Clear all

105 results found

reorder grid_view

Fact Sheet | Climate Jobs (2024)

March 4, 2024

U.S. efforts to confront the climate crisis have propelled a demand for jobs that will help the country mitigate and adapt to climate change. These climate jobs have been steadily on the rise in the United States. The energy sector as a whole has regained 71% of the jobs lost due to the pandemic in 2020. With a 3.9% growth rate, clean energy job creation outpaced overall job growth in 2022. In total, there were more than 4.2 million climate jobs in 2022.

Fact Sheet | Proposals to Reduce Fossil Fuel Subsidies (January 2024)

January 30, 2024

In 2022, fossil fuel subsidies in the United States totaled $757 billion, according to the International Monetary Fund. This includes $3 billion in explicit subsidies and $754 billion in implicit subsidies, which are costs like negative health impacts and environmental degradation that are borne by society at large rather than producers (i.e., negative externalities).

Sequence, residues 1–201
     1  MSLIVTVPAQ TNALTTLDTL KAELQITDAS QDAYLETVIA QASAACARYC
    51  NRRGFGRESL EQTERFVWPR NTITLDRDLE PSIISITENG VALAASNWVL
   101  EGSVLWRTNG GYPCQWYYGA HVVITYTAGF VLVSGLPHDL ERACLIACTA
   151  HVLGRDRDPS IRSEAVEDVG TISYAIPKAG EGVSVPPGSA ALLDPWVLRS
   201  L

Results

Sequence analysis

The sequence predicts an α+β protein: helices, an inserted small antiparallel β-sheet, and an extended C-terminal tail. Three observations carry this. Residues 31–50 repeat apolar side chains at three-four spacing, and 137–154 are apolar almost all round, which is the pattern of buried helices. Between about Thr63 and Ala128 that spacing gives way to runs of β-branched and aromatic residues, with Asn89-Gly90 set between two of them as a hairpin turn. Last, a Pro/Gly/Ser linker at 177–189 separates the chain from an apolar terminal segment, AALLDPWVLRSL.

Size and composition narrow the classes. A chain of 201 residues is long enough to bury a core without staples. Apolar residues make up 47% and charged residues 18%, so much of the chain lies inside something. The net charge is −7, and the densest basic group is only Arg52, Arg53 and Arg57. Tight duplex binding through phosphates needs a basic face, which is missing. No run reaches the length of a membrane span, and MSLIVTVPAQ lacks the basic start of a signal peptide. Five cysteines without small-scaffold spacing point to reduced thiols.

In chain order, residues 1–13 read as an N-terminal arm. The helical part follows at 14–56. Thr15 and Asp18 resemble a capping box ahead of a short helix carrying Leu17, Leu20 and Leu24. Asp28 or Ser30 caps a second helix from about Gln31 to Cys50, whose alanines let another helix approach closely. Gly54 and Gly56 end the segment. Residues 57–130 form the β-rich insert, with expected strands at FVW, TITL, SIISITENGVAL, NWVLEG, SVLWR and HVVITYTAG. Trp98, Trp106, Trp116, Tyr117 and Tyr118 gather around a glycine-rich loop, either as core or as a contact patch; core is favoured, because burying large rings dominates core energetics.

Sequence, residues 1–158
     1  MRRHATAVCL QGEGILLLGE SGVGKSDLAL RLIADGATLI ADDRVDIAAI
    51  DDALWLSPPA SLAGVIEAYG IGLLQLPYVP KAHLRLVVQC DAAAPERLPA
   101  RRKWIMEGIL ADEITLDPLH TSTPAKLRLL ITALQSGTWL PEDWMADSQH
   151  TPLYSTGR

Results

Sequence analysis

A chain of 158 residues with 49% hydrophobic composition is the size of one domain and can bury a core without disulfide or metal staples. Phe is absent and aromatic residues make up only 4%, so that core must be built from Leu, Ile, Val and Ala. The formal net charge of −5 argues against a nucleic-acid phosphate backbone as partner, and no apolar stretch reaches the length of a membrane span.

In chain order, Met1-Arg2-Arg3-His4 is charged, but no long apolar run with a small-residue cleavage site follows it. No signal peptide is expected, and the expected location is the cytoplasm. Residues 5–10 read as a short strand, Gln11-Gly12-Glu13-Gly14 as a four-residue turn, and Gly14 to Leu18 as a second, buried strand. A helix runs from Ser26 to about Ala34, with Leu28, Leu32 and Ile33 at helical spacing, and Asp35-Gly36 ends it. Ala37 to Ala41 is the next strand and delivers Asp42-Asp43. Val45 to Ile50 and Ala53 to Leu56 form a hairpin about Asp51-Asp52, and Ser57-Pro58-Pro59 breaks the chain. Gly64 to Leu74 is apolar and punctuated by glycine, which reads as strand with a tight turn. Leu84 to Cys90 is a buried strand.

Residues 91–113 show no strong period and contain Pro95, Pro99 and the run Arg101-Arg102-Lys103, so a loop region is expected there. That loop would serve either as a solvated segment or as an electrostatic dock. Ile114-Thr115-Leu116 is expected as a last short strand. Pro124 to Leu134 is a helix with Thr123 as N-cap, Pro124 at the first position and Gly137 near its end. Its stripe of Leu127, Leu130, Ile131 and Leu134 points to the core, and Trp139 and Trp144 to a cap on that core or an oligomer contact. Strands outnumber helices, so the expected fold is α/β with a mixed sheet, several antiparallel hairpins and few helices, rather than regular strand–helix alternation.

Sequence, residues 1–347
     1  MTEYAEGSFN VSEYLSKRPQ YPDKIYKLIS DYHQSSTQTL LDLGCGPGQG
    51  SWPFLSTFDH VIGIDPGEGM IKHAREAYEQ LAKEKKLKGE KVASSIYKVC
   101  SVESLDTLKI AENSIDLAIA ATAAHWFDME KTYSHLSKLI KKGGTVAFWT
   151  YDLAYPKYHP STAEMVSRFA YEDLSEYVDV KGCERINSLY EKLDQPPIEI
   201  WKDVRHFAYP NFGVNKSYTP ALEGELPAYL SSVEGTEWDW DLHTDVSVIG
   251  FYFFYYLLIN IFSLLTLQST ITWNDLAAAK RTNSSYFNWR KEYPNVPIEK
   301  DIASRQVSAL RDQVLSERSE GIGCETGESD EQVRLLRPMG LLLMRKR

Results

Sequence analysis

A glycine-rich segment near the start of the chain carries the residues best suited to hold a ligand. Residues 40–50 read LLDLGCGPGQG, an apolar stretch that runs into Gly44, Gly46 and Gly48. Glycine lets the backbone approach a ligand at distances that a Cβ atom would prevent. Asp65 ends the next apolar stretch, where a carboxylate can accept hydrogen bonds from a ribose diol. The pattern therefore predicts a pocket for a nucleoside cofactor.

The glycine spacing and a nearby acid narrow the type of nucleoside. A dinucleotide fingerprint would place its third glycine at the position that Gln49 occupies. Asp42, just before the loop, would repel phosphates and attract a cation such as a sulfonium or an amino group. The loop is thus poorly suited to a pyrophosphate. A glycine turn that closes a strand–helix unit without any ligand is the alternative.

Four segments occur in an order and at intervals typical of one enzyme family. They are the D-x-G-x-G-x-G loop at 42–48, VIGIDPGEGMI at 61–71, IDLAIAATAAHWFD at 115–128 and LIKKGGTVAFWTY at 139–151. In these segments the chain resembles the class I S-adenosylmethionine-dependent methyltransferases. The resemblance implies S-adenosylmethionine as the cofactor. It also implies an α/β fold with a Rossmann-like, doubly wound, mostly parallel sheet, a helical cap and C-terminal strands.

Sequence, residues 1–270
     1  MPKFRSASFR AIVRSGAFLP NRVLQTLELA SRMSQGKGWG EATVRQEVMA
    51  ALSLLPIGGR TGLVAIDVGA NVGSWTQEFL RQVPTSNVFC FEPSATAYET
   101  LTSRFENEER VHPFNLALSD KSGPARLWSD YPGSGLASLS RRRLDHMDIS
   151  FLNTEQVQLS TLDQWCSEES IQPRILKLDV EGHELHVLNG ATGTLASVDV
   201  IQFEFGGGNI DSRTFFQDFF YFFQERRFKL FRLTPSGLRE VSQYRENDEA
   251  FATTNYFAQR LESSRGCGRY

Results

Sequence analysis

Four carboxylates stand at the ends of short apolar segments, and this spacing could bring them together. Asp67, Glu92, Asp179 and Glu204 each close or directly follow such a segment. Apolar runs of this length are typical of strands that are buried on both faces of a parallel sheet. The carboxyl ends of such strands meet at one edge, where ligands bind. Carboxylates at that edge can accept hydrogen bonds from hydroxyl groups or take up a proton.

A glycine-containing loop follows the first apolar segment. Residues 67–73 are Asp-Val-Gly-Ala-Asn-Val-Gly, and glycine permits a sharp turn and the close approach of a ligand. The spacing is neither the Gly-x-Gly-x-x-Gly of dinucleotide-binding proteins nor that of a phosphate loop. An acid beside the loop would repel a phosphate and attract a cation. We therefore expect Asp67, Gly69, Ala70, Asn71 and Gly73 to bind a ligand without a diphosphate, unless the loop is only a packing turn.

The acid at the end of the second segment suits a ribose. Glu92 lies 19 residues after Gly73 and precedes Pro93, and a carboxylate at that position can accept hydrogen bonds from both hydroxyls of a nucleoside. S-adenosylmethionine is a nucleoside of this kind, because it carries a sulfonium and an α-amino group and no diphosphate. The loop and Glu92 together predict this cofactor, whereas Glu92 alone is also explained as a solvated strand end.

Building Sustainably: Mass Timber (September 2023)

September 29, 2023

Mass timber is an umbrella term for a class of engineered wood building materials, including those created by layering and bonding wood. The best-known example of mass timber is cross-laminated timber, which can be made from small-diameter or diseased trees to create a strong, lightweight building material. Unlike lumber, which is typically used in traditional stick-frame construction of houses and low-rise buildings, mass timber is strong enough to construct much larger structures. Builders are turning to mass timber because of its multiple benefits. In addition to having a lower carbon footprint than traditional steel and concrete, it is often cost-competitive with them.

Climate Change Mitigation and Adaptation at U.S. Ports

February 1, 2022